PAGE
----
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What is opioid addiction?

Medically Reviewed by: Charley Allen

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Opioid addiction is a massive problem that can have devastating consequences. According to the National Institute on Drug Abuse (NIDA), a little over 115 people in the United States die every single day from an opioid overdose.

Opioids are a specific class of drugs that include heroin and prescription pain relievers such as oxycodone, hydrocodone, codeine, and morphine. Doctors generally prescribe them to help patients manage pain. However, these drugs can be highly addictive and even dangerous when misused.

Opioid addiction is a serious problem contributing to the rise in overdose deaths in the United States. According to the Centers for Disease Control and Prevention, over 932,000 people have died from drug overdose since 1999. Opioids were involved in 75% of these drug overdose deaths in 2020.

In this post, we will go over¬†everything¬†you need to know about Opioid Addiction. This will include its causes, symptoms, and opioid addiction treatment options. So if you think you or someone close to you is going through it, you’ll know exactly what to do.

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What are opioids?

Opioids are types of drugs that include heroin and prescription pain relievers such as oxycodone, hydrocodone, codeine, and morphine. Opioid medications work by binding to opioid receptors in the brain and other organs in the body, which reduces pain signals.

While opioid medications can be effective at treating pain, they can also be highly addictive. Thousands of people die each year from opioid misuse and even more suffer from addiction. That’s why it’s important that you know the risks before taking opioid drugs.

What are the risk factors for developing an opioid addiction?

When it comes to opioid addiction, there are several risk factors that can increase your chances. These include:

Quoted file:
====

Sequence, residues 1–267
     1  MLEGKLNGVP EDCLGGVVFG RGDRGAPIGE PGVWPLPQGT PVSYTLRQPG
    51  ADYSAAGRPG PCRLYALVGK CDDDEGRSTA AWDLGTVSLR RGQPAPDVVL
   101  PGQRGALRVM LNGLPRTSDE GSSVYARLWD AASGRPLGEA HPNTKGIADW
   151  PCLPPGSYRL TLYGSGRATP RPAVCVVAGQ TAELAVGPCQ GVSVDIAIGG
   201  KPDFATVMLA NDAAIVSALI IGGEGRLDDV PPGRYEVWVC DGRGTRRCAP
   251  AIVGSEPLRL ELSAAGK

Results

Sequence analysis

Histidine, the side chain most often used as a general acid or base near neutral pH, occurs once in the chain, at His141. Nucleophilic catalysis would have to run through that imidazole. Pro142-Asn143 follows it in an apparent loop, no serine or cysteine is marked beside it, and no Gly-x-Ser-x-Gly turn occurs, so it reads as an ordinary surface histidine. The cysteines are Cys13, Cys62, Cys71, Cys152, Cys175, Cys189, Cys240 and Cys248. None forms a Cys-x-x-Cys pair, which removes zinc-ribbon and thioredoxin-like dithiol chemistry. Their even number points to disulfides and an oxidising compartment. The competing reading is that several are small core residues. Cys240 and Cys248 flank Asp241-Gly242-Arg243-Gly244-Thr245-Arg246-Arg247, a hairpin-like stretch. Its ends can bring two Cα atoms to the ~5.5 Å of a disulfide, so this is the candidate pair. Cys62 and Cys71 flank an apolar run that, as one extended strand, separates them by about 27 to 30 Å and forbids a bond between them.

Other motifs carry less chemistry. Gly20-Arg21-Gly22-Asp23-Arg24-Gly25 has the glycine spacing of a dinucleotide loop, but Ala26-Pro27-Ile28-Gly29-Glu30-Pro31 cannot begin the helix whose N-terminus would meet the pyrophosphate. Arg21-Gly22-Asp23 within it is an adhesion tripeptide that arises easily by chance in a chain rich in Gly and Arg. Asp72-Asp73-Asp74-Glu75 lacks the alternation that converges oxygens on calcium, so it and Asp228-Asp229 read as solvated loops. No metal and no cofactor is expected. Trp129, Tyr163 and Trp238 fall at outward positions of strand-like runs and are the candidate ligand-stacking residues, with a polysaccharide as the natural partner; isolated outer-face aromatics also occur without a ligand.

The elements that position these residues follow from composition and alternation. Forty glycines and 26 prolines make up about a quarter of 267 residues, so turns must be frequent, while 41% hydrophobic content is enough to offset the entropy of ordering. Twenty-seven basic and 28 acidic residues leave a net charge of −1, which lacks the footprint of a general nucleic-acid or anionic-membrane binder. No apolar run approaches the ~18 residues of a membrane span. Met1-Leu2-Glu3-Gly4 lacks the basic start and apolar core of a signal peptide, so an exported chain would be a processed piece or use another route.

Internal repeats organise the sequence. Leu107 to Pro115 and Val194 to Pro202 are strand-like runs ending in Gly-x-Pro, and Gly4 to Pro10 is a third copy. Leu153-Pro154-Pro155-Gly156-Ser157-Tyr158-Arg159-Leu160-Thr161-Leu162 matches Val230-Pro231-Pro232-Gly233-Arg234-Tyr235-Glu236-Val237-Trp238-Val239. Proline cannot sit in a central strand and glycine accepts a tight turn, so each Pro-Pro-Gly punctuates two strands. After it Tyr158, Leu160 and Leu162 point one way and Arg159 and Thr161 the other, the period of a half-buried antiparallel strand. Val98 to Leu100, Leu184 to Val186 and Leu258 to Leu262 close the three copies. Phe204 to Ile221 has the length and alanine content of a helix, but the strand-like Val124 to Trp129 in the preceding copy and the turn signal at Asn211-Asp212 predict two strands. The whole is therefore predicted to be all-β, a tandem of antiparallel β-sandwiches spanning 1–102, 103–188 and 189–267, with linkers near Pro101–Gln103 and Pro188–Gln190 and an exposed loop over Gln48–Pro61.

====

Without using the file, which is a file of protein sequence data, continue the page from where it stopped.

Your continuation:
Chronic pain:

People who have chronic pain are usually at a higher risk of developing opioid addiction. This is because they may be more likely to be prescribed opioids for pain relief.

Mental health disorders:

People with mental health conditions like anxiety and depression are also at a higher risk of developing opioid addiction. This is because they may be self-medicating with opioids.

Family history:

If you have a family member who is addicted to opioids, you’re more likely to develop an addiction yourself. This is because addiction is often genetic.

Previous addiction:

If you’ve previously struggled with addiction, you’re more likely to develop an opioid addiction. This is because you’re more likely to relapse.

What are the symptoms of opioid addiction?

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Opioid addiction can cause a number of physical and psychological symptoms. Not everyone who uses opioids will experience all of these symptoms, but they may include:

Increased tolerance to the drug:

This means that you need larger doses to get the same effect. This is a common sign of addiction. If you notice that you’re taking opioids more than you used to, it’s important to involve your doctor right away to see if you’re experiencing drug tolerance. If prescription opioid abuse has set in, you’ll need help to get off the drug.

Withdrawal symptoms:

If you try to quit opioids suddenly, you may experience substance abuse withdrawal symptoms such as anxiety, sweating, shaking, and nausea. These symptoms can be intense and even dangerous. It’s important to detox under medical supervision to avoid any complications.

Withdrawal can be incredibly painful, but there are medications that can help to ease the symptoms, which is why it’s a good idea to reach out for help so you can have the easiest time possible through your withdrawal.

Changes in mood:

Opioid use disorder can cause changes in mood, such as irritability, anger, and depression. You may also notice changes in your sleep patterns and eating habits. It is possible that you see these changes and find that even though you’re trying to do better, you’re unable to help the situation. These changes can be a sign that something is wrong and that you need help.

Loss of interest in activities: